The CDP™ supports Concurrent Design & Engineering (CD&E) processes, allowing multidisciplinary teams to work compliant with the CD&E methodology. This involves customer participation and access to the design information within the CDP™. It provides a collaborative working environment for collocated teams through an intranet connection or geographically distributed teams through an internet connection. The CDP™ supports a clear division of tasks and responsibilities according to role assignment and additional settings to determine access rights to the integrated design model in the CDP™.
Concurrent Design & Engineering focuses on a parametric design, which is done mainly in the CDP™ Elements Definitions or Product Tree as main views in the CDP™. The CDP™ captures interactions between disciplines within a CD Activity, e.g. by ownership of parameters, or setting subscriptions to use these as inputs.
Options are used to capture clearly different solution directions under investigation and iterations are created as snapshots of the design data at a desired point. The concepts of representation of domains and ownership within options and iterations provide an audit trail in the Concurrent Design & Engineering process.
Within an Engineering Model, the CDP™ product tree describes a specific solution direction with parameters within modelling objects, as defined by the element definitions and element usages in the Element Definitions view or in the Product Tree directly. The element definitions (and related element usages) are the items that need to be modelled, where the parameters provide their characteristics. This can be modelled according to an industry- or project-specific breakdown structure, e.g. defining and applying categories that are following a Decomposition Rule. For a high level description of element definitions and element usages, see description on how to develop Engineering Models.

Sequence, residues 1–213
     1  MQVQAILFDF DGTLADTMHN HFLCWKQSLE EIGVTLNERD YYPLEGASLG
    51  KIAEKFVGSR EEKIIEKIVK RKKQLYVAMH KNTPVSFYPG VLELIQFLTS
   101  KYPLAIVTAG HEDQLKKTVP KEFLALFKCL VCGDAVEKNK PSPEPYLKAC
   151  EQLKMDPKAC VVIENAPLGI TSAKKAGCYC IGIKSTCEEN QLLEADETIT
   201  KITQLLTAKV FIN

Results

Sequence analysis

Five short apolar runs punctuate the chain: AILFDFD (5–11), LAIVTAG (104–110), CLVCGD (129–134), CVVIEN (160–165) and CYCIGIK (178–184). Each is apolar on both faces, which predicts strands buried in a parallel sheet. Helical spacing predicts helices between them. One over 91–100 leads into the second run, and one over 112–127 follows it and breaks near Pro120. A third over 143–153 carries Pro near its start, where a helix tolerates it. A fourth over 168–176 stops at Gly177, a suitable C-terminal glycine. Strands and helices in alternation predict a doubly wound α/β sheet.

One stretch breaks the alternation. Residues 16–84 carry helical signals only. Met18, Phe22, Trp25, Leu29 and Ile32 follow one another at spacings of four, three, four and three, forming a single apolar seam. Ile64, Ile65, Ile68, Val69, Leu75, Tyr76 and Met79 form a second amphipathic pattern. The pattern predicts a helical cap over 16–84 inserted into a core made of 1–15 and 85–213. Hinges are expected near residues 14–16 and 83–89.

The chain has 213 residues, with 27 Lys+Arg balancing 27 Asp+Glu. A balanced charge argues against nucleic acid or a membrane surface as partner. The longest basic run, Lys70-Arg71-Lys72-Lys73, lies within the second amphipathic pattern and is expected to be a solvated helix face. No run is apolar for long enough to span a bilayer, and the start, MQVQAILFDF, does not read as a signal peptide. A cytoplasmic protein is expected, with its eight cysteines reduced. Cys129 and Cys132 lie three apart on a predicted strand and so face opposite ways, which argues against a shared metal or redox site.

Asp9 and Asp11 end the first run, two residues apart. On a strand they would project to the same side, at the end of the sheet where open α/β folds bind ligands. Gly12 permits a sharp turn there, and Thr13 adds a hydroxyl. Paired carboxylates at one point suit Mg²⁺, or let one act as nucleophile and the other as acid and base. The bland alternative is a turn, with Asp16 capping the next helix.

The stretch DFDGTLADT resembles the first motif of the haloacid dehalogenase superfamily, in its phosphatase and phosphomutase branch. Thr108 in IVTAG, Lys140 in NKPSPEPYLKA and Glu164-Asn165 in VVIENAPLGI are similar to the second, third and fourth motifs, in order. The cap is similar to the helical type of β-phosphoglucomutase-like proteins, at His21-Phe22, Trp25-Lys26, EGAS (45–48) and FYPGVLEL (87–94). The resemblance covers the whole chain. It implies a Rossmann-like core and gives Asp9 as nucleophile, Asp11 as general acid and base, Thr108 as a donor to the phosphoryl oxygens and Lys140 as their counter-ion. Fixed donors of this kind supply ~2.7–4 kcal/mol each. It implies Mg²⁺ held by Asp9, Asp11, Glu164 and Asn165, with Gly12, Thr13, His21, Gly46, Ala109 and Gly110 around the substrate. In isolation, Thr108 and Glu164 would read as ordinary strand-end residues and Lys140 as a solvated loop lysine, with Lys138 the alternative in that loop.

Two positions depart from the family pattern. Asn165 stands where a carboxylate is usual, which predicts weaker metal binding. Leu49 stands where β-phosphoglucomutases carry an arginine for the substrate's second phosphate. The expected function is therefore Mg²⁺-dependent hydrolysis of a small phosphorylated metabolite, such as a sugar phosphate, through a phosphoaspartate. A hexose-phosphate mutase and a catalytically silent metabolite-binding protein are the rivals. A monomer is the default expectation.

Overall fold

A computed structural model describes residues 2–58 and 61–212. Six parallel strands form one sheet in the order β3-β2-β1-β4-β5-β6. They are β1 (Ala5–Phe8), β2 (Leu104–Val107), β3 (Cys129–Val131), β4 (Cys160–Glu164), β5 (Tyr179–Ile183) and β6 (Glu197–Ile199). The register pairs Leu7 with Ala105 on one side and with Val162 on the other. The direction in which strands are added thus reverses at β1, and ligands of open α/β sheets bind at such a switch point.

Various parametric descriptions can be used within the CDP™, not only physical quantities, such as e.g. a mass or power, but for example also boolean, composites, date, enumeration or free texts. As a basis, a large set of parameters, with associated measurement units and scales, are already defined as parameter types and available as a starting point in ECSS-E-TM-10-25 Annex B (informative) Space Engineering Reference Data Library1. This set can be extended to define any required new parameter, scale or unit according to any one of the supported types.
More dynamical behaviour can be modelled by defining finite state lists and setting a state dependency for parameters in the engineering model. Other concepts from ECSS-E-TM-10-25 that can be used to make distinctions in the modelling are setting an option dependency (i.e. a parameter gets a separate value set for every option that is defined in the engineering model) and using overrides (i.e. a parameter in a specific element usage gets a separate value set, allowing to provide a value different from the values given in the element definition).
All these concepts may be used to describe possible solutions or solution directions for the problem under investigation, providing information in a parametric way.
Parametric information should be in an engineering model, because other domains of expertise need this information to be able to work on their part of the design. To enable this, there is a subscription mechanism in the CDP™ to allow participants in a CD study to use the parameters. In an ideal case only parameters should be present in an engineering model that are indeed used by other domains. This subscription mechanism not only allows these domain experts to perform their work by facilitating a data exchange mechanism. It also serves as a more powerful mechanism to show dependencies within the engineering model, and making these relationships with the associated information flow more explicit.
With the implementation of an underlying data exchange mechanism, the parameters and subscriptions allows the domains of expertise to share and use information. Taking a subscription on parameters of other domains of expertise, a domain expert can view this information or use it in calculations, where the results of these calculations from this domain may often flow back as values for parameters to be shared with yet other domains of expertise. The main modelling space to perform these calculations is provided by the CDP™ Workbooks, implemented in Microsoft Excel.